2. As an alternative, it is also possible to first deposit a layer of a material with a high specific surface area to the metal pipe. Subsequently the pipe may be coated or impregnated with the catalytically active mass. The steps in this process may be carried out in various ways. For example, one material with a high specific surface area may be deposited from a salt solution or form a dispersion. The layer may also be formed by chemical precipitation on the pipe or, for example, by flame spraying. In the latter case, the material may be applied directly in the form used later; e.g. as an oxide, or in its elementary form from which it subsequently may be converted by secondary treatment into its final form. This secondary treatment may be an oxidation with oxygen or with liquids containing oxidizing agents. Any other convenient secondary treatment may be used. The active catalyst components may then be applied to the first layer thus formed by any convenient methods as is known in the art.
3. In the case of some aspects of the invention, it would be advisable to first apply a firmly adhering layer of an inert material such as α-Al2 O3, cordierite, mullite or similar substances onto the interior surface of metal pipe. The catalyst may then be applied directly to this or after the coating with the above described intermediate layer directly to this layer. Moreover, it is possible to apply the material of the intermediate layer jointly in one step with the catalyst material.
As has already been mentioned above, generally two methods may be used in order to deposit the material on the inside wall of the pipe. The material may be adhesively applied in a gaseous phase by steaming or vapor deposition, or from the liquid phase by precipitation. The latter method includes working with molten material; e.g. flame spraying, submerging into the melt, as well as working with solutions, dispersions, or suspensions, which contain water, inorganic or organic solvents as their liquid medium.
In most cases, a pre-treatment of the exhaust pipe for the purpose of cleaning and/or roughening the interior metal surface thereof is accomplished independently of the method of coating. Various methods may be used for this purpose including brushing, sand blasting or grinding of the interior pipe surfaces. The baffles and projections may also be prepared by these means. In those cases where only the baffles and projections are intended to be coated with the catalyst component, the baffles are surface treated to prepare them and subsequently coated prior to their insertion into the converter pipe.
The deposition of the catalytic component from a liquid medium may be carried out by using a solution, a dispersion or a suspension of the catalyst material according to the methods known in the art. Single or multiple steps may be employed as is known in the art. It is also possible to form a coating by employing a melt and by flame spraying, or by immersion of the parts that are to be coated in a molten catalyst material.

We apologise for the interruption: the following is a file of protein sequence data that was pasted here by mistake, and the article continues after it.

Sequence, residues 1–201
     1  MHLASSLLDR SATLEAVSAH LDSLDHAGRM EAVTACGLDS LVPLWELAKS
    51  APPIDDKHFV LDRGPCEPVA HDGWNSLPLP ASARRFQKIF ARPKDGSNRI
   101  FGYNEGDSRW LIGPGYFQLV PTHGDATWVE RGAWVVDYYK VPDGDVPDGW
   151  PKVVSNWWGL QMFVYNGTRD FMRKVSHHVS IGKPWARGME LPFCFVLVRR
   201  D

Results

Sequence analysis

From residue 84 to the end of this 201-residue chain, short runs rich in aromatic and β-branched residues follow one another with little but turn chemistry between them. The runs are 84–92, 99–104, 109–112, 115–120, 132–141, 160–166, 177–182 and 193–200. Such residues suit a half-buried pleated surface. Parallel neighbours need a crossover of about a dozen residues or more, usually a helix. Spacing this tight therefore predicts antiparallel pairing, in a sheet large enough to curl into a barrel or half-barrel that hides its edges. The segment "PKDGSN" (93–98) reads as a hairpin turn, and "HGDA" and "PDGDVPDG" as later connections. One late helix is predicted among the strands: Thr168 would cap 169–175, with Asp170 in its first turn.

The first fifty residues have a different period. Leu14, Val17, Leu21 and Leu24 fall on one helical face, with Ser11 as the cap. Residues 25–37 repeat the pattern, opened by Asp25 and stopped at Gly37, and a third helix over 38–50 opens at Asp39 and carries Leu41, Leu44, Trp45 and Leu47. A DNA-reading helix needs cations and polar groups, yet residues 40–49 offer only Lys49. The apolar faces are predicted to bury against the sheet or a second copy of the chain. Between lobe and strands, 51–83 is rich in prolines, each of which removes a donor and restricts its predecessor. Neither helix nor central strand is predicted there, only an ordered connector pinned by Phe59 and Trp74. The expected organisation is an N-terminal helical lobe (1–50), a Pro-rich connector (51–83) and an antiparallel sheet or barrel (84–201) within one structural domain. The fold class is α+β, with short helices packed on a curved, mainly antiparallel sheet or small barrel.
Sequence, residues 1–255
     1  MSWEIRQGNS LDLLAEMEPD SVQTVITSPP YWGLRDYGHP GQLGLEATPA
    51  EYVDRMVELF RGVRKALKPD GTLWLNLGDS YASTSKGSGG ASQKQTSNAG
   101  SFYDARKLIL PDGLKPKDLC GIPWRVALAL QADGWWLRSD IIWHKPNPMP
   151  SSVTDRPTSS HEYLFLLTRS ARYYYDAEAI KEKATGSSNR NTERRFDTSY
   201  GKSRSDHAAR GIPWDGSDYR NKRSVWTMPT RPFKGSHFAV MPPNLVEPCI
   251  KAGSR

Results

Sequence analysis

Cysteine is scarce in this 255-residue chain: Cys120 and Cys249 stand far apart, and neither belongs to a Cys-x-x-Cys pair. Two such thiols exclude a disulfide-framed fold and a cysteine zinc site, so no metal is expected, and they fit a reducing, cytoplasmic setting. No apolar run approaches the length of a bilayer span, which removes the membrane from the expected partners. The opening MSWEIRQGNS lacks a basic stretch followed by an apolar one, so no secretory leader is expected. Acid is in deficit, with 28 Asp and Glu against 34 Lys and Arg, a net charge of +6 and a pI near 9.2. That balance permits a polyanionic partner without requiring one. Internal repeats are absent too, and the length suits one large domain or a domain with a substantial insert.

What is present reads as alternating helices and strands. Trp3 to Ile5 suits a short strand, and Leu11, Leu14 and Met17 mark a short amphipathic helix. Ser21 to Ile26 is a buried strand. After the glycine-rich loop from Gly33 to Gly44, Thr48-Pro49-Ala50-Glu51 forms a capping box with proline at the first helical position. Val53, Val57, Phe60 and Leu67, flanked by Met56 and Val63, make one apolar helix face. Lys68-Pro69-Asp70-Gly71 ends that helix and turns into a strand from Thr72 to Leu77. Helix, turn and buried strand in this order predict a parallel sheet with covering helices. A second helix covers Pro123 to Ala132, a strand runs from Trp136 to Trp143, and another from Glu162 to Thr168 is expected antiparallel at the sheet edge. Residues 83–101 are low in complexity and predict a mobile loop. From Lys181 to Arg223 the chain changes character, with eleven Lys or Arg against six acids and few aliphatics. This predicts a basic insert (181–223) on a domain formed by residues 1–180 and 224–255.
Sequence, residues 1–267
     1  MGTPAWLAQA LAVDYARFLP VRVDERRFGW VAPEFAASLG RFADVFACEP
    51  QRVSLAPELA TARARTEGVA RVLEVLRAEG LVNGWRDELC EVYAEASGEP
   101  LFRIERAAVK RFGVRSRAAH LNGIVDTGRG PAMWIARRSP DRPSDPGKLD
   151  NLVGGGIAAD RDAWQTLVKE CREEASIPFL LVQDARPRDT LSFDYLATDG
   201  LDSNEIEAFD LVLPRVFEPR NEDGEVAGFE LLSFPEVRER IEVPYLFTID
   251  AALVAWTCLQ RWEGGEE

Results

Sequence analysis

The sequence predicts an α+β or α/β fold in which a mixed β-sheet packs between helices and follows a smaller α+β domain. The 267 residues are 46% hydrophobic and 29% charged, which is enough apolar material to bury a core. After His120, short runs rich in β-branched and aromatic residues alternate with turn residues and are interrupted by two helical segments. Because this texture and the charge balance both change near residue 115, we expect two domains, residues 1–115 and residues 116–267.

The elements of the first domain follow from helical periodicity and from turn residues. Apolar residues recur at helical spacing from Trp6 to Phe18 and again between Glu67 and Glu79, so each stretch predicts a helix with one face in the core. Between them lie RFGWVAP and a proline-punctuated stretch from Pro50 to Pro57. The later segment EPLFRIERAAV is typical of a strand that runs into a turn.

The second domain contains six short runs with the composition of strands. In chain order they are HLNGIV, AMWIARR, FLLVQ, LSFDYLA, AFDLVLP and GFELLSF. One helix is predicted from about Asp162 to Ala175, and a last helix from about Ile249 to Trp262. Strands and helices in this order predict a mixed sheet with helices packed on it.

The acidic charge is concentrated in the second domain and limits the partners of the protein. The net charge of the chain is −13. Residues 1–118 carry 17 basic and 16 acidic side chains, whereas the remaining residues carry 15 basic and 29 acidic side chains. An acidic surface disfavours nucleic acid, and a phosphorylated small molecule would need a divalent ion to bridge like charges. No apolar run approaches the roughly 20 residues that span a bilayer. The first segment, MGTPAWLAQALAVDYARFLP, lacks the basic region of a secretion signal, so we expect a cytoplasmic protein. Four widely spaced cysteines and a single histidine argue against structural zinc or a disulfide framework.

Catalyst masses where the catalytically active metal oxides or metals are applied to an intermediate layer comprising an alkaline earth metal and/or earth metal and/or rare earth oxide have proven themselves as particularly effective and durable resistant. Especially useful in this respect are aluminum and/or titanium and/or zirconium oxides. As has been mentioned, the intermediate layer in that case may also be applied to a ceramic lining formed in the metal pipe.
The conversion effects which may be achieved with the apparatus of the invention are unexpectedly high despite the simple construction. Thus, 80% of the hydrocarbon substances and 60% of the carbon monoxide was converted from the exhaust gas of an Otto motor with a metal pipe equipped with baffles (baffles and pipe coated with catalyst mass) which metal pipe had only one tenth of the geometric surface of the customary ceramic monolith catalyst coated with the same catalyst mass. In comparison to that, in the case of the monolith catalyst 80% of the hydrocarbons and 95% of the carbon monoxide were converted.
The present invention includes as one of its aspects the use of the herein described apparatus for purifying the exhaust gases of internal combustion engines, especially for the oxidation of hydrocarbons and carbon monoxide as well as the reduction of nitric oxides which are contained as harmful substances in the exhaust gases of Otto, Diesel and Wankel engines.
The invention will be further explained in connection with the accompanying drawings wherein FIG. 1 is a sectional view showing various embodiments of the exhaust pipe structure of the invention with the round cross section of the pipe in the direction of the axis of the pipe. It should be noted that the pipe structure of the invention may be oval, elliptic, rectangular, square or irregular in cross section and that the FIGS. 1 and 2 should be so interpreted.
FIGS. 1A, D, E, F, G, H and I show plates of various metal forms which narrow down and constrict the free cross section of the pipe. The remaining free cross section may be varied according to the intended use requirements by enlarging or decreasing the forms shown in the figures.